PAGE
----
Are you mixing antidepressants with OTC medicines for cold, flu, and more?

The risk of falling prey to viral respiratory infections is ever present. They range from bothersome sore throats, common colds, and sinusitis to the ongoing resurgence of viruses like respiratory syncytial virus (RSV), influenza, and COVID-19.

The symptoms of upper respiratory tract infections come with different levels of severity. These can include fever, chills, body aches, cough, sore throat, congested or runny nose, ear pain, headaches, and exhaustion. Most people tend to self-medicate with over-the-counter remedies for relief.

Although the evidence varies, guidelines propose that orally taken medications like cough syrups or cold and flu tablets could have a limited but potentially positive impact on managing upper respiratory infection symptoms, especially in adults and children above 12 years old. These may include:

  • Paracetamol (like Panadol) or ibuprofen (like Nurofen) for pain or reduce fever

  • Decongestants like phenylephrine (Chemist’s Own Day + Night Cold & Flu Relief) or pseudoephedrine (like Sudafed) to ease congestion

  • Expectorants (like DURO-TUSS Chesty Cough Liquid Forte) and mucolytics (like CHEMISTS’ OWN Chesty Mucus Cough Liquid) to help thin and clear mucus from upper air passages

  • Manage dry coughs using dextromethorphan (like Robitussin Dry Cough Forte)

  • Manage runny noses or watery eyes with either sedating or non-sedating antihistamines (like Polaramine or Allertine)

But what if you are also on antidepressants?

An examination of over 5,000 inquiries from consumers seeking cough and cold advice through an Australian national medicine call centre unveiled a recurring theme: drug interactions, which comprised 29% of the queries.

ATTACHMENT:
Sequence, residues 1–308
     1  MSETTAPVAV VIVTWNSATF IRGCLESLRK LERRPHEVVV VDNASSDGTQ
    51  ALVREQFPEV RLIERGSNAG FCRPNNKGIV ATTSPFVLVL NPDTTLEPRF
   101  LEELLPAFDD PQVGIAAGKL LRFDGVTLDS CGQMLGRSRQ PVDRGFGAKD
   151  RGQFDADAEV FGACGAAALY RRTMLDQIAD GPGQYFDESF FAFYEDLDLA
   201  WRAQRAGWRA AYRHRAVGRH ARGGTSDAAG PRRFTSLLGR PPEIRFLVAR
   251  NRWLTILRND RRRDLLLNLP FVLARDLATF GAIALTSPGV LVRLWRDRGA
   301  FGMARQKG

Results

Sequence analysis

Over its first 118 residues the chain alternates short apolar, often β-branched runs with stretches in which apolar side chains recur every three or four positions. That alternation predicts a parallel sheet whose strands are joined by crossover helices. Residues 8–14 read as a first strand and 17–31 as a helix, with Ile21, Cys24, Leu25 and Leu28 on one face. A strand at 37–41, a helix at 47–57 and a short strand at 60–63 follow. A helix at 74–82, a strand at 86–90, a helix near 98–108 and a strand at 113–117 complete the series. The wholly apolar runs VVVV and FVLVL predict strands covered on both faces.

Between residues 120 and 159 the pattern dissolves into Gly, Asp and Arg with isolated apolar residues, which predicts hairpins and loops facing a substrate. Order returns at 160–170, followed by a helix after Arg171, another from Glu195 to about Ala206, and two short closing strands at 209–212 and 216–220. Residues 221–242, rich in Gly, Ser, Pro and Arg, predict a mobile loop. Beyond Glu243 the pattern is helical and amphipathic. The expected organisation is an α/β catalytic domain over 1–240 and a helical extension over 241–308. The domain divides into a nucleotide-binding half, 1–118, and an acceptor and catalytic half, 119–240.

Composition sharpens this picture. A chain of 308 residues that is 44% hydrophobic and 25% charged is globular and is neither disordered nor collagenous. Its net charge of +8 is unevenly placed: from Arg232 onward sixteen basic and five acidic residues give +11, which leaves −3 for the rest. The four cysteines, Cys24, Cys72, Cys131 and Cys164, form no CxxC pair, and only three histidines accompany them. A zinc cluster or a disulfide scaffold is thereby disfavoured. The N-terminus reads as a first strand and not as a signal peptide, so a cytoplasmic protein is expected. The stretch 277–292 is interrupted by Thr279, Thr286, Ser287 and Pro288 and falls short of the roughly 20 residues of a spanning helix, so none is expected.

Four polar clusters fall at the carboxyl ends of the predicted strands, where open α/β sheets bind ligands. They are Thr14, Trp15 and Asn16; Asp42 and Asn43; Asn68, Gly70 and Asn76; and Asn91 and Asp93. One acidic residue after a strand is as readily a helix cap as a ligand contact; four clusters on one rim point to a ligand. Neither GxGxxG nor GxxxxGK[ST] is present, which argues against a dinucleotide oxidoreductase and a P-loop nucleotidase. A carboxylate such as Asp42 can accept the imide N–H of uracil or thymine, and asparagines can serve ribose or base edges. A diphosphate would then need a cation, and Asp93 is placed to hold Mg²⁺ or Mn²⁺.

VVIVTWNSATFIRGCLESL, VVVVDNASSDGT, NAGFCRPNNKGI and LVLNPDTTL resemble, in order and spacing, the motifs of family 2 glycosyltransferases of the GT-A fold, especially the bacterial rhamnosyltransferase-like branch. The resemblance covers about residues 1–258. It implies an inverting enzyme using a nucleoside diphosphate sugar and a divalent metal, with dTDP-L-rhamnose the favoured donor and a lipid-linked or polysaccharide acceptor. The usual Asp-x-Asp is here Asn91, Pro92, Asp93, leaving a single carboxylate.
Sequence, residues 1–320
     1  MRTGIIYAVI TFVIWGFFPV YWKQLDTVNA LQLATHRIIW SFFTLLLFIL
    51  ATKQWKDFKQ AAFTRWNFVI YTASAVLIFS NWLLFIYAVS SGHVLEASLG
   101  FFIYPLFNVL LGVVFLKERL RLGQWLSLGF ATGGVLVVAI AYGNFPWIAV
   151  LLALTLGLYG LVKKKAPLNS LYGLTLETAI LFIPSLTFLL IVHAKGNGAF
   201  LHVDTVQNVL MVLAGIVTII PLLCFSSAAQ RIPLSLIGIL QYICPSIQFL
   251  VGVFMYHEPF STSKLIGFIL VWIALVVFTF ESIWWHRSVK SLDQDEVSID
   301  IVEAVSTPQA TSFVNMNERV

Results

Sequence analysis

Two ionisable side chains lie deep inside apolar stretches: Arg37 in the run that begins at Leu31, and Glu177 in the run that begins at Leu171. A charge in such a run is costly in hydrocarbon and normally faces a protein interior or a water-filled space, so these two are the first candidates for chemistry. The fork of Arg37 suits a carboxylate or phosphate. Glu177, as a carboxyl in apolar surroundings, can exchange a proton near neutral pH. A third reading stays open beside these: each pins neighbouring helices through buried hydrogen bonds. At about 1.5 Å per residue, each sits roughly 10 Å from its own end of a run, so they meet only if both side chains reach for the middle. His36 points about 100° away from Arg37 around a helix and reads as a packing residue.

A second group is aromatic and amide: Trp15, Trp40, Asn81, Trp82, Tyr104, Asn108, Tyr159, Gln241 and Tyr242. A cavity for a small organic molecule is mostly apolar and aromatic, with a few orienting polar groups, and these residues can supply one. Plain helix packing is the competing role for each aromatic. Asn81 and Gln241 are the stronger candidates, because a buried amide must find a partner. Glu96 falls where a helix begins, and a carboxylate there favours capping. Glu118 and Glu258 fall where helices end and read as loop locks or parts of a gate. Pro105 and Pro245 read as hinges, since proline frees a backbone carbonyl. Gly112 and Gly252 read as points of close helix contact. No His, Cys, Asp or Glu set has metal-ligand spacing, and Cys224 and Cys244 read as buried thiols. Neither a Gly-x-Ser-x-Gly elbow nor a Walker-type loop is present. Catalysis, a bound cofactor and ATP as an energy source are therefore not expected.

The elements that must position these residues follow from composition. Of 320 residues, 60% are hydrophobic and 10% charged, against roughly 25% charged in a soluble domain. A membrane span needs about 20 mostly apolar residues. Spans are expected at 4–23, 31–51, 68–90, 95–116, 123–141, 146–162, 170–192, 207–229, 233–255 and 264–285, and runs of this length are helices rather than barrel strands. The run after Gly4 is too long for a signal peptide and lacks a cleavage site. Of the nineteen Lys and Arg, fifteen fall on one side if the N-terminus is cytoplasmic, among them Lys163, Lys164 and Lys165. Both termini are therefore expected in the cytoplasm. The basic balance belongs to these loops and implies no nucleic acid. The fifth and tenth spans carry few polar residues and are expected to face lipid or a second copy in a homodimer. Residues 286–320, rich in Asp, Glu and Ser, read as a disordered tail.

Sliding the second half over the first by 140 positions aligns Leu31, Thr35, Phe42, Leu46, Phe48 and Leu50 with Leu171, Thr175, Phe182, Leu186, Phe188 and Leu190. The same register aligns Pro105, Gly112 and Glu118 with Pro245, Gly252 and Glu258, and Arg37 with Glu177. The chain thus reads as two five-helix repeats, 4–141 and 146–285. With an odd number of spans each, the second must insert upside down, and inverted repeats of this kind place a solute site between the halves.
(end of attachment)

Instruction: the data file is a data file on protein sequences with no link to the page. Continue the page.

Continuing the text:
Even at our pharmacy, numerous patients buying over-the-counter medications frequently inquire about possible interactions with their current medications. This practice is especially crucial for patients taking antidepressants, who should always consult a pharmacist before self-medicating. 

For instance, if a patient is already on a Selective Serotonin Reuptake Inhibitor (SSRI) antidepressant and then takes an oral decongestant (like pseudoephedrine or phenylephrine), it can lead to symptoms like irritability, insomnia, or drowsiness, as well as potential effects on blood pressure.

What happens when these drugs interact?

Serotonin, a powerful natural chemical in charge of brain and nerve functions, also has the ability to narrow blood vessels. Medicines that impact serotonin levels include antidepressants to decongestants, dextromethorphan, L-tryptophan, antimigraine treatments, and amphetamines.

Pairing medications like antidepressants and decongestants, both of which lead to increased serotonin levels, can result in a range of discomforts. These might include irritability, headaches, sleeplessness, digestive issues like diarrhoea, and changes in blood pressure – often a rise in blood pressureSome individuals may encounter orthostatic hypotension, a drop in blood pressure when standing up, along with dizziness.

When serotonin levels reach extreme highs, severe symptoms like confusion, rigid muscles, fever, seizures, and, in rare cases, even death have been documented. Although these symptoms are less common, if you are taking an SSRI anti-depressant and  experience any of them, it’s important to halt the use of the cold and flu medication immediately and seek medical assistance immediately.

In conclusion

The best way to prevent unwanted drug interactions is by being informed about your medicines whether they are prescriptions, OTC, or supplements.  At Heathershaw’s we take our role in preventing unwanted side effects (both mild and serious) seriously, and are available to provide advice on drug interactions, dosage and much more.  

If you are on antidepressants and require cold and flu treatments or have any questions pertaining to your medication, please do not hesitate to ask our friendly team of expert pharmacists – Jenny, Gavin, Michelle, Maria, Amy or Jill

Opinions or facts expressed within the content have been sourced from various news sources. While every effort has been taken to source them accurately, the pharmacy, its owners, staff or other affiliates do not take any responsibility for errors in these sources. Patients should not rely on the facts or opinions in the content to manage their own health, and should seek the advice of an appropriate medical professional. Further, the opinions or facts in the content do not reflect the opinions and beliefs of the pharmacy, its owners, staff or other affiliates. 

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